If you want to roll your own, you can distribute through Gumroad or Patreon, for example. They also take a cut, but it’s much smaller and you have much more flexibility. And there’s always the option of creating your own YouTube channel. There are several ways to monetize a YouTube presence, including ad revenue and selling courses, community access, and ebooks.
Whatever path you choose, if possible collect every participant’s email address so you can sell them other courses, white papers, or ebooks later.
You may be able to combine the skills you use for your day job with what you love doing in the evenings and weekends and make a little cash while you’re at it.
A side hustle outside your professional area of expertise totally avoids potential problems around conflict of interest and non-competes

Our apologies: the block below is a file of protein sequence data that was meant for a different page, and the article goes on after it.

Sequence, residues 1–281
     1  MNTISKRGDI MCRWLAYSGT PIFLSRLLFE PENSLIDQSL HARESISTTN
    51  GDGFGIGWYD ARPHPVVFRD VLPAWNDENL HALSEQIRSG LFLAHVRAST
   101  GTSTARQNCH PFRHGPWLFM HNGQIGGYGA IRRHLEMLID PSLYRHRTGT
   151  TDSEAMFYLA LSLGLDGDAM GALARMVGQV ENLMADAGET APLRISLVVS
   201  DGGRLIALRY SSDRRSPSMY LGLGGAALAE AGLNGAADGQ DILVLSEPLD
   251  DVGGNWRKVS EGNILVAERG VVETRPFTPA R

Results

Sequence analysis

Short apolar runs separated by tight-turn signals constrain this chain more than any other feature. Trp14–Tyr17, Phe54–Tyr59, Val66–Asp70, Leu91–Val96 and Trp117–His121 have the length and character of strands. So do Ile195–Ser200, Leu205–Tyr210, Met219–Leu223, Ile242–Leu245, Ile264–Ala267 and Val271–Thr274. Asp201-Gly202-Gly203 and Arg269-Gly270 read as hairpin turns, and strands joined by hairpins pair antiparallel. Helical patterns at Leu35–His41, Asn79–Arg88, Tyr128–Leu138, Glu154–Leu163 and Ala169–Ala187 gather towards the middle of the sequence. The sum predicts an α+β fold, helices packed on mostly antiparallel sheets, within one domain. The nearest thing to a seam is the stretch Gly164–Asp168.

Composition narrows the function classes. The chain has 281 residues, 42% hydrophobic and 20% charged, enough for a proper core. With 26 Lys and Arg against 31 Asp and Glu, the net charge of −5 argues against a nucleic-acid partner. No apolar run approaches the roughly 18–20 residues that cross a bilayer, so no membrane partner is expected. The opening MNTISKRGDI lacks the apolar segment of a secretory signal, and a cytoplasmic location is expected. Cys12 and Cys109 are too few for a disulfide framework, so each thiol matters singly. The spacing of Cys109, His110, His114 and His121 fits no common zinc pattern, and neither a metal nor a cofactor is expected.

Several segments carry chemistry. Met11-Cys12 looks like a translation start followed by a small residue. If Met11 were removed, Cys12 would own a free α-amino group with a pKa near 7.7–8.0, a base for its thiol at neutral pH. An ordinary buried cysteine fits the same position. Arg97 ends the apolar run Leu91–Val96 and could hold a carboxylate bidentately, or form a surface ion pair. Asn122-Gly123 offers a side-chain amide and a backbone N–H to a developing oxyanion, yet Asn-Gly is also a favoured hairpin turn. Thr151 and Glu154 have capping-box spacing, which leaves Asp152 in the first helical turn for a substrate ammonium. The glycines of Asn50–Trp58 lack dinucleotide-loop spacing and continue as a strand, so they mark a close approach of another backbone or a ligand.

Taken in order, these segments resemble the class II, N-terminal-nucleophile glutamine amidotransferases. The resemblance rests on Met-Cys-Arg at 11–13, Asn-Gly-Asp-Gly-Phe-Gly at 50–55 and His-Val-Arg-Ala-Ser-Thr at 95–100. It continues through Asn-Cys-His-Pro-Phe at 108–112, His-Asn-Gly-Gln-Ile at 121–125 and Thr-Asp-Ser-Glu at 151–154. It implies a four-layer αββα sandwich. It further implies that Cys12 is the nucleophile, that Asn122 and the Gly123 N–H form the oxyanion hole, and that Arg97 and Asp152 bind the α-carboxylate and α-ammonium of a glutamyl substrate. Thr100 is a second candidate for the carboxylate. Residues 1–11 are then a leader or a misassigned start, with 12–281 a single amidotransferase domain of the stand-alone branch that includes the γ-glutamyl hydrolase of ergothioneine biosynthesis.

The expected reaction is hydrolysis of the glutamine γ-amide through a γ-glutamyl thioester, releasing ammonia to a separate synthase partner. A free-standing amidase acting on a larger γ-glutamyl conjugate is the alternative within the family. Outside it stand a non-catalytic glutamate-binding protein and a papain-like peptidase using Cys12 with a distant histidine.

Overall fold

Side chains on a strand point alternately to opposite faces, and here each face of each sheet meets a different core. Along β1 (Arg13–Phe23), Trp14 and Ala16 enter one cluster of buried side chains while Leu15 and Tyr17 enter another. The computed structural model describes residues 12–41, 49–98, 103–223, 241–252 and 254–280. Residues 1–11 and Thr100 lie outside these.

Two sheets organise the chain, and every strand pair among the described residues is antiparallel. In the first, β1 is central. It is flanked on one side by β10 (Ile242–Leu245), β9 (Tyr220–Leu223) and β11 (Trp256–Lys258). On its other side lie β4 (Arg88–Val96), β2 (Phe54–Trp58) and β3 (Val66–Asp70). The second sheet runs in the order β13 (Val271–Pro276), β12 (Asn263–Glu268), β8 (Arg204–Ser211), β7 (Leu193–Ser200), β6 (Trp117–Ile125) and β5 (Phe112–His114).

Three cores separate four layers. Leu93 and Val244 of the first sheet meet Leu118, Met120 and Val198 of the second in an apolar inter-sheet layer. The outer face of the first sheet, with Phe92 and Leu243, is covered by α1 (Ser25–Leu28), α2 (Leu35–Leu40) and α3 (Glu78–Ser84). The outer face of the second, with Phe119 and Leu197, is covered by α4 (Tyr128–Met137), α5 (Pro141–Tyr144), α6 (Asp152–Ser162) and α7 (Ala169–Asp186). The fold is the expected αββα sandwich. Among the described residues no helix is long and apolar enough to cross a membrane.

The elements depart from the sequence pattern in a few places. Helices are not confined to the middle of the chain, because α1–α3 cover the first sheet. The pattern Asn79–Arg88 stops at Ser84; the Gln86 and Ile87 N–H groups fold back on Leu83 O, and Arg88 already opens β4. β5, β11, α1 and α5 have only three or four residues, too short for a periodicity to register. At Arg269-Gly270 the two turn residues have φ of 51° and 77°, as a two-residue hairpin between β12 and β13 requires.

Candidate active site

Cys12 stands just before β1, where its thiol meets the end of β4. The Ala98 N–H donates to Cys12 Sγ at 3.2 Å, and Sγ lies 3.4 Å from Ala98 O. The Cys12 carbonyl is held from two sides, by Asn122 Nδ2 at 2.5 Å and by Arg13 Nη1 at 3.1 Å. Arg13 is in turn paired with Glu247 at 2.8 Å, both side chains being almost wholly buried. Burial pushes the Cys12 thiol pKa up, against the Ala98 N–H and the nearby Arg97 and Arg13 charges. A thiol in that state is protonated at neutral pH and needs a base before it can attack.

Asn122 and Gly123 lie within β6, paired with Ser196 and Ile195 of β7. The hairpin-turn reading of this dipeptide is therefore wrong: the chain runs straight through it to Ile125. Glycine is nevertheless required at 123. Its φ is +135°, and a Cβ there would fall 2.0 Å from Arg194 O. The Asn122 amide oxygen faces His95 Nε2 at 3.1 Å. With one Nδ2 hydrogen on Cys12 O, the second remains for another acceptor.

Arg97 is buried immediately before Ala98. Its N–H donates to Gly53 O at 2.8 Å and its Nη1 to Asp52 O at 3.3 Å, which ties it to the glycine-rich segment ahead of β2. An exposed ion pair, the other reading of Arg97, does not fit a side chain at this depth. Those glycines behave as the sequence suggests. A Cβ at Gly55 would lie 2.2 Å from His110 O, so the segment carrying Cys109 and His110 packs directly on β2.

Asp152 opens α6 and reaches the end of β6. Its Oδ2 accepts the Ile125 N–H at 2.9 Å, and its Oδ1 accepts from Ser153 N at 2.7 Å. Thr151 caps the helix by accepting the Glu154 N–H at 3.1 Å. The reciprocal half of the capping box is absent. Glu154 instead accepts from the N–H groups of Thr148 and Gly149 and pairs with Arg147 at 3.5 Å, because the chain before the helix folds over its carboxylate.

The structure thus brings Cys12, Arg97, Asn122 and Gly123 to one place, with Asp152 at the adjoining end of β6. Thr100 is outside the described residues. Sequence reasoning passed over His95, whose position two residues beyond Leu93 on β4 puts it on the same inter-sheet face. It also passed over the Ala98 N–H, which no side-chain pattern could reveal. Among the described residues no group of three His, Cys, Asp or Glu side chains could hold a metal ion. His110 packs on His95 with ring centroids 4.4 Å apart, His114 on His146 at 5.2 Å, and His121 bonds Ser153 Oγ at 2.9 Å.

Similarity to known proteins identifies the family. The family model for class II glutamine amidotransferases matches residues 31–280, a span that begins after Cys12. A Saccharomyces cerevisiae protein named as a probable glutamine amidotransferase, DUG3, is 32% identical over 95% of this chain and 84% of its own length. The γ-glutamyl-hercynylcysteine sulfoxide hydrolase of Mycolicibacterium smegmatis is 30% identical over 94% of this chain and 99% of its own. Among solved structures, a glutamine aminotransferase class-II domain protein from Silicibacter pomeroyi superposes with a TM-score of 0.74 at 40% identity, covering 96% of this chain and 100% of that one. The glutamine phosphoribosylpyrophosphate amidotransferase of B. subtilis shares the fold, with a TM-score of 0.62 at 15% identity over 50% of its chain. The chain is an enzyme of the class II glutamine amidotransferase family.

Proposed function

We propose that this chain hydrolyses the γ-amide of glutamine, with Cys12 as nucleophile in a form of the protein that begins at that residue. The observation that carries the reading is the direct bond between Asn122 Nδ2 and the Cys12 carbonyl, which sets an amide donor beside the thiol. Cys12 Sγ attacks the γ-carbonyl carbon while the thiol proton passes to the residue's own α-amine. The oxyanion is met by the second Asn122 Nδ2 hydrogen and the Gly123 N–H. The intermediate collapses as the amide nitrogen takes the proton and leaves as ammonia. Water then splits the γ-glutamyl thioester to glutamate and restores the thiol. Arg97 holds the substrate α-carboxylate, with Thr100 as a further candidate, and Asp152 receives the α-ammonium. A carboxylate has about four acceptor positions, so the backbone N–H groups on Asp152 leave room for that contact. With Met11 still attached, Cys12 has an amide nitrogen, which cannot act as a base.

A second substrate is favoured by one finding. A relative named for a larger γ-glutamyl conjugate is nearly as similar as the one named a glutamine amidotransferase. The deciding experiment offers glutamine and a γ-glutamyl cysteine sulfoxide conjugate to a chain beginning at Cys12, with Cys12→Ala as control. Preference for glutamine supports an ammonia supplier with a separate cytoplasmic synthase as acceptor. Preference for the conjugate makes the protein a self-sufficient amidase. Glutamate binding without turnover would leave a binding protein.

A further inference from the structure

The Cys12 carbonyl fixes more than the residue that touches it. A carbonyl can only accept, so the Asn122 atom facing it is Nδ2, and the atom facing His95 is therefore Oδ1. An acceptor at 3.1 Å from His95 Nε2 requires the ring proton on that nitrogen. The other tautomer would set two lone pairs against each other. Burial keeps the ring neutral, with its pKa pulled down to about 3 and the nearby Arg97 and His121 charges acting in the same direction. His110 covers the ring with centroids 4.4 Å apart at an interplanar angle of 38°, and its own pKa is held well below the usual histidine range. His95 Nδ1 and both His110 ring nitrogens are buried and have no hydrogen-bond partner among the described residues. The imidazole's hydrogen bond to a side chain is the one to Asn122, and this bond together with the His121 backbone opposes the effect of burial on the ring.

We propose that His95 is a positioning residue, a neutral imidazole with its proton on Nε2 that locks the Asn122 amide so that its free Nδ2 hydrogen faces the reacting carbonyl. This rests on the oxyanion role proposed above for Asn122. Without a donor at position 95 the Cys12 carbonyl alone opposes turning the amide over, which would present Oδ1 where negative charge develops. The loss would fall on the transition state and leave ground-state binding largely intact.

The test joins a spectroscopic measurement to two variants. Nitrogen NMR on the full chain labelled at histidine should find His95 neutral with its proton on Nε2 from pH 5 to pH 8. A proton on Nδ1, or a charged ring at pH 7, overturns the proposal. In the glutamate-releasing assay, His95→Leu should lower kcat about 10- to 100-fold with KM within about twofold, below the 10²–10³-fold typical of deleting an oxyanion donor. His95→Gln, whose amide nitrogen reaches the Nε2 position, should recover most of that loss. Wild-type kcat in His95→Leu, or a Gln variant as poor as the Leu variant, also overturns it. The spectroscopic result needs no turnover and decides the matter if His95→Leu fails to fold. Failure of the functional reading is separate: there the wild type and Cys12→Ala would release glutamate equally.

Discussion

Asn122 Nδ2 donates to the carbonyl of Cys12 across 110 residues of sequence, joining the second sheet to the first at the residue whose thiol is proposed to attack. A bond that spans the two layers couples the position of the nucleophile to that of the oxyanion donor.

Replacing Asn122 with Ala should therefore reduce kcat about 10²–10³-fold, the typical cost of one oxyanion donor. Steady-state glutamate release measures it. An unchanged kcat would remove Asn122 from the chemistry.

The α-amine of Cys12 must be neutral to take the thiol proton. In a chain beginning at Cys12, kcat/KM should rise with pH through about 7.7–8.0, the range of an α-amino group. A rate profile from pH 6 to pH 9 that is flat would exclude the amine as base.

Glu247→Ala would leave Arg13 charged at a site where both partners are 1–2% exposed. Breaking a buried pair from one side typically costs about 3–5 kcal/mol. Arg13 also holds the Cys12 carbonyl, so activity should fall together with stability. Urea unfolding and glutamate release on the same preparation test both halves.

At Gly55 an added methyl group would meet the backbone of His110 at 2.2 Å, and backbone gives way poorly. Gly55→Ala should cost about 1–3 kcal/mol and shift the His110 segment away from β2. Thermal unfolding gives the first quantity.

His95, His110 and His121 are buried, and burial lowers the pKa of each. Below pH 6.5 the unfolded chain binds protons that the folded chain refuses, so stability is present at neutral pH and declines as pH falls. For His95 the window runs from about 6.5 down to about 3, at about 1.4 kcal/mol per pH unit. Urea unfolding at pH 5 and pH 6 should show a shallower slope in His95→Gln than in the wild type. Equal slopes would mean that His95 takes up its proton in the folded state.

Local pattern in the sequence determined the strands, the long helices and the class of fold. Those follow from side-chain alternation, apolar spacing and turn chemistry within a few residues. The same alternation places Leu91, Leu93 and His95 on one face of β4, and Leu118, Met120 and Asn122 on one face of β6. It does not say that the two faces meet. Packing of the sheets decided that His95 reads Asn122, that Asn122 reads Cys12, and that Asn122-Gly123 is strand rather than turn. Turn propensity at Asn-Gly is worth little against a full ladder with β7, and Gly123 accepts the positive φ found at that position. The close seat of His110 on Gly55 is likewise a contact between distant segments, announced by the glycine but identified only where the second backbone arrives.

Doing something very different from your day job can help you de-stress and provide an outlet for your creativity
Getting out of the SE world can help you meet people you otherwise wouldn’t come into contact with
It’s generally going to be harder to make the same amount of money doing something you love as you’d make with freelance work that resembles you’re already getting paid to do but on the side, especially at first
If you love making visual art, try turning it into NFTs
If you love to cook, you could create an algorithm that finds recipes based on your dietary restrictions or flavor preferences
Software Engineer Manuel Odendahl makes and publishes music with machines, some of which run on his own code. “I hope to get a few regular gigs once that is possible again,” Odendahl told me. “I’m at the beginning of my ‘career,’ but it’s going decently.”
Blogging and freelance writing offers many of the same benefits as course creation, including establishing subject matter expertise and networking with your peers.